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ash-cloudSo for six days the earth spewed its guts and extended to us mere mortals a reminder that we are, and always will be, only human. The ash cloud’s gradual spread across mainland Europe was really a gift, and I wonder if, in time, we’ll come to mourn its passing.

In my (highly romanticised) opinion  wasn’t simply an inanimate object but a living, breathing, pulsating reminder of our mortal existence, of the unpredictability of life and the beautiful serendipity of chaos. A poke in the ribs that said, “Er, don’t take life too seriously, have a few days on me”.

As tourists made a mad dash for Calais, the British Navy were poised for a modern-day kitsch rendition of Dunkirk. “It’s the spirit of the blitz” screamed the tabloids; a nation united in the spirit of love and kinship, if only for a moment. All it takes is a war, or a volcano.

fimmvorduhals_2010_03_27_dawn[photo by Henrik Thorburn]

“It’s all just an election stunt,” cried the miserablists. What? People actually care about the election this time round?

I was in Sweden, where the trains were at a standstill and the hire cars had vanished. People, people, everyone and not a lift in sight. From a little island retreat in the Stockholm archipelago, I watched the weather drift through the dreaming spires of the old town. Visions of Kerouac fluttering in the wings as I contemplated a mad dash across a Europe that was now littered with legitimate bums. The days were bathed in warm spring sunshine that ushered in colour after a heavy winter, so I decided instead to wander the streets and enjoy this small gift of time.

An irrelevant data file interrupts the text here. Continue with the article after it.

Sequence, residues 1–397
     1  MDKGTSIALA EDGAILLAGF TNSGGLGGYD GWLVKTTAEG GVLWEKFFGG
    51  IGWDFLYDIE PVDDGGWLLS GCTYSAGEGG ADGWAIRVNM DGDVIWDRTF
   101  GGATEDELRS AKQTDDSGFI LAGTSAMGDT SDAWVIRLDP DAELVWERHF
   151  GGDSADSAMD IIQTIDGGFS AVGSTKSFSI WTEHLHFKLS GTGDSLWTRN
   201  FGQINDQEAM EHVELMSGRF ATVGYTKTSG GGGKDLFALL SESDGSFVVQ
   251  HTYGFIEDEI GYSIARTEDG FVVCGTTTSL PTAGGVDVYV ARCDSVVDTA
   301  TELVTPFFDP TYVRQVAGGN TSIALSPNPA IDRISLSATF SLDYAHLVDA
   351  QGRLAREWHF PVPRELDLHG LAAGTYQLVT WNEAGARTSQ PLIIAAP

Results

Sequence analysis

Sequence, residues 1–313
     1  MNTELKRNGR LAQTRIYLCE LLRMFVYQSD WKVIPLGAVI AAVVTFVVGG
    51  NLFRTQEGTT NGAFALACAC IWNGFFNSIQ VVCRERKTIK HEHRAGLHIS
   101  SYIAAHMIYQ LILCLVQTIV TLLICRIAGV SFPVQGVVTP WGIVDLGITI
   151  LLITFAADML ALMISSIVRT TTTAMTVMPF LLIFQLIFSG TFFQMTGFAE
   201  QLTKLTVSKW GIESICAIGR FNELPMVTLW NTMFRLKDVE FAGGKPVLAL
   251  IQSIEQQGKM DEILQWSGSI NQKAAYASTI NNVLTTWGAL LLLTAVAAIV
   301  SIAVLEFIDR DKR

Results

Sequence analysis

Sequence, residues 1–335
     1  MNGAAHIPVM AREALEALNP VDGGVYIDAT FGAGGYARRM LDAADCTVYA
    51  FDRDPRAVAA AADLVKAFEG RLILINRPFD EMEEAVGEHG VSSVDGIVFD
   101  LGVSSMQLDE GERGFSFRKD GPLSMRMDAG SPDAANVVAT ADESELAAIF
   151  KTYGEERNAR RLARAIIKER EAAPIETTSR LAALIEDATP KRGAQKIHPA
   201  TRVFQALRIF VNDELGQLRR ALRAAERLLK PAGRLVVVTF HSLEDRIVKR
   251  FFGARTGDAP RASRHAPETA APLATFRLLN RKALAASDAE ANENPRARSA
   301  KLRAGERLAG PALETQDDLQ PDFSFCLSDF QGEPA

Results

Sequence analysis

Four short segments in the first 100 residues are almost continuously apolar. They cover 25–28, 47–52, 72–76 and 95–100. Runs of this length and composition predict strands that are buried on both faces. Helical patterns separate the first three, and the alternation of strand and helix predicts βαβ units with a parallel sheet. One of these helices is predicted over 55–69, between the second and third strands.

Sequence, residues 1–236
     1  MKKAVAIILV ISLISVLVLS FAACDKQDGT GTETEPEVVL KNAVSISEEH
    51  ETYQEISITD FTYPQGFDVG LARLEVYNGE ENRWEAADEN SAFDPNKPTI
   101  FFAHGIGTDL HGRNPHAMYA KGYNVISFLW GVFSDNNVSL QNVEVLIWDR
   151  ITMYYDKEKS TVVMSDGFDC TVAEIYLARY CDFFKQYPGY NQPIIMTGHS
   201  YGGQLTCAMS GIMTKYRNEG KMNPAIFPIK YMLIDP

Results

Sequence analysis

In a tea garden one day I met Stina, who runs an open-mike radio show for the handicapped, where the laughs are real and never self-deprecating. We munched on pancakes with blueberry syrup and cream. Free pancakes. Buttered smiles all around the room.

Wandering around galleries I discovered Lee Lozano’s enviable collection of phallus’s and choice use of language. I never knew art could be about penises and rude words – no teacher ever mentioned that when I was at school. Maybe I could have made it as an artist after all…

Then the snow arrived, and its flurries brought me to Gordana, the Romanian with the kaleidoscope eyes. We strolled around the town while she told me of her homeland and stories of the evil Count Dracu, who impaled anyone who crossed him, and from whom Bram Stoker drew some inspiration for his Dracula. Despite the cold there was little spark as she held my arm, and I willed the volcano to continue its chaos long into the spring.

And then the ash cloud dispersed and the televisions celebrated  ‘a swift resumption of normal service’ to cheers from industry types: “Hey, we can make money again!”

A swift resumption of routine, a swift return to normality.

One of the seats on one the flights was mine, and I had to take it, because for me, like everyone else, normal life waited. What a downer.

It felt as though, for a little while, the world woke up from the deepest of slumbers, and we opened our eyes to the skies and our hearts to one and other, and for the briefest of moments we were awakened to the wonders of the world. And it felt good.

But tomorrow won’t be like today, and it’ll be back to reality, and I’ll miss the volcano.

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